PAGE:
President Bush arrives at the G-8 summit in Germany on Wednesday with a new plan on climate change, as leaders of the major industrialized countries gather for three days of talks.
The talks however are likely to be overshadowed, however, by a bitter debate between the U.S. and Russia over Washington's plans to base a missile defense in Poland and the Czech Republic.
On Wednesday, President Bush discounted Russian President Vladimir Putin's threat to re-target missiles on Europe, telling The Associated Press that "Russia is not going to attack Europe."
Meanwhile, several hundred protesters swarmed a seven-mile fence surrounding the summit grounds in Heiligendamm, Germany, where Bush and German Chancellor Angela Merkel were to meet. Police fired water cannons to disperse the crowd.
On the issue of climate change, Bush is also likely to get a frosty response from other leaders, many of whom are likely to see the latest plan from Washington as too little, too late.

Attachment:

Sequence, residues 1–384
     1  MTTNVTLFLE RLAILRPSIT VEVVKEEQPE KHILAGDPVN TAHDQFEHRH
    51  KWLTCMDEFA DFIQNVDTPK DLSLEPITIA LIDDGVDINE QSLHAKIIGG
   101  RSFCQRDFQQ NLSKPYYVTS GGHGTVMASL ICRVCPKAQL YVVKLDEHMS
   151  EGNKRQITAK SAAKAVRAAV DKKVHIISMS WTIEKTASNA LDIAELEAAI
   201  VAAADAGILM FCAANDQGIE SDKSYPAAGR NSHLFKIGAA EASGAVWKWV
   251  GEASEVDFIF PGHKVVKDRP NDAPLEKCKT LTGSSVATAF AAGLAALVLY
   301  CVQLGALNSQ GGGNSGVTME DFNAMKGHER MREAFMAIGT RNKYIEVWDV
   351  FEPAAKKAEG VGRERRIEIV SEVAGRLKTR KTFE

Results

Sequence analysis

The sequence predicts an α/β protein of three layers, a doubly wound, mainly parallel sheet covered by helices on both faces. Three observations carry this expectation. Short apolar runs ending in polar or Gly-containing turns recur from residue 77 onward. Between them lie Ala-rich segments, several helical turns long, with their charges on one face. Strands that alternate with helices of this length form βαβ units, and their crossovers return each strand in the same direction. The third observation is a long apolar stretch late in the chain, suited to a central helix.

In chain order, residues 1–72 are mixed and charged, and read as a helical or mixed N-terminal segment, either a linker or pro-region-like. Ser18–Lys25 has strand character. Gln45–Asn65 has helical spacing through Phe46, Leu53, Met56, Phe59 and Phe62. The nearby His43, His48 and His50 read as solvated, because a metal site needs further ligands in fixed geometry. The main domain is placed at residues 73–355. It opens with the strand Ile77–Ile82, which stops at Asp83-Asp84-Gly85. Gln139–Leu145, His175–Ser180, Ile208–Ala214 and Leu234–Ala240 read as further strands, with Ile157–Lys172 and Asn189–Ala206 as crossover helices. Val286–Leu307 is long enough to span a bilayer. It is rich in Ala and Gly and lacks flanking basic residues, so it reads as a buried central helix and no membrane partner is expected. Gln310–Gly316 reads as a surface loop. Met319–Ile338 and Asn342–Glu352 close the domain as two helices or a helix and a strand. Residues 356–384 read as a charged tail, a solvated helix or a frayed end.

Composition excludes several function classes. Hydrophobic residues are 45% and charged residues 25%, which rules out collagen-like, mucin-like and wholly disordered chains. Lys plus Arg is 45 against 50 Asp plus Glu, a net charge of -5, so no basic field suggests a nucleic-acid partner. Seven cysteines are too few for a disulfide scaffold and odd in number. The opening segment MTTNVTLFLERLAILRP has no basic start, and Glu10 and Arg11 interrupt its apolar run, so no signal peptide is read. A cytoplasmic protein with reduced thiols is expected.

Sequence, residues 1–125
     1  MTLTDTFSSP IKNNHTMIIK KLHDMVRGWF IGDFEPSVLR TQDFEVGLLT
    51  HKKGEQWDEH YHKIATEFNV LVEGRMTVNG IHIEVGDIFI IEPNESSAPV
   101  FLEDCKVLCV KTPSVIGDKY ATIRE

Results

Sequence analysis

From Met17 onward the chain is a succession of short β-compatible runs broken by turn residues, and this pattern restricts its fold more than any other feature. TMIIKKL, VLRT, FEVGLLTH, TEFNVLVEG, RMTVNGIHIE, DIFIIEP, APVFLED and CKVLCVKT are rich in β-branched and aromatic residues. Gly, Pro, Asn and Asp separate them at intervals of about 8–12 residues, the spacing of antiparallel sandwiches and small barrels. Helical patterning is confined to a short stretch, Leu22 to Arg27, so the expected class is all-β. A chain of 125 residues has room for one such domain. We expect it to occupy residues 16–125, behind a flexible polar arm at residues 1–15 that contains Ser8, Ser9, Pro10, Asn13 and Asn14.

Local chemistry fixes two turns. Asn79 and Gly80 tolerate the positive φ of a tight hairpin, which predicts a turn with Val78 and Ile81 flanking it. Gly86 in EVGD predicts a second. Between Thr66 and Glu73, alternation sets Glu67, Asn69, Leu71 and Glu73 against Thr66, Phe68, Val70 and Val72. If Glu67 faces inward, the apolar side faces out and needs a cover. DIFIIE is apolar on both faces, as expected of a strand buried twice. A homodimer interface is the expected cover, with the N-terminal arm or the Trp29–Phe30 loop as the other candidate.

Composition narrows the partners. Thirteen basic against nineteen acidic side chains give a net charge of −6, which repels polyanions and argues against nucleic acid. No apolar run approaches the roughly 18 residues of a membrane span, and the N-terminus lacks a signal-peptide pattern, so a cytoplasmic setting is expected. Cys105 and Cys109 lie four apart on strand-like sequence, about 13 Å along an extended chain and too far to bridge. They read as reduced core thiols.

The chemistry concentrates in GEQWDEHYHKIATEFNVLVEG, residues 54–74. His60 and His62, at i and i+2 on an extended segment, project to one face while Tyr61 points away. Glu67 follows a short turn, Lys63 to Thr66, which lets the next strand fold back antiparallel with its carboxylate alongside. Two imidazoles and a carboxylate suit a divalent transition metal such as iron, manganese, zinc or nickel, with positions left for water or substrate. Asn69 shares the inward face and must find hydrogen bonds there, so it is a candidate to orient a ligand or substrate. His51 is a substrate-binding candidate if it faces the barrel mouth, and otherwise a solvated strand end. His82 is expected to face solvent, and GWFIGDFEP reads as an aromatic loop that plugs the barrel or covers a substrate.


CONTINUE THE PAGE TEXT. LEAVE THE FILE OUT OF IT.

"The United States has finally taken a step, great. What we don't know is whether it's a step backward, or sideways," said Thomas Valasek, who heads the foreign policy program at the London-based Center for European Reform.
"But most people would agree it's not a step forward, not in the sense of supporting anything the Europeans, under the aegis of the Kyoto protocol, have agreed on," he said.
The Kyoto protocol is the current mechanism to cut greenhouse gas emissions worldwide. The U.S. never ratified Kyoto, but it did sign the umbrella United Nations treaty that aims to avoid dangerous human interference with the climate. White House environmental adviser James Connaughton said President Bush's proposal is intended to fit with that U.N. framework convention.
"It was never anybody's intention to have a separate process," he said. "The U.S. is a party to U.N. framework convention on climate change, and that is the forum where the world takes action on climate change."
However, he reiterated the administration's belief that the Kyoto method for cutting greenhouse gasses won't work in the U.S.
"We'll have a successful summit if things have moved on from before. I believe the commitment to accept reduction goals and to recognize scientific findings is a step forward," Merkel said.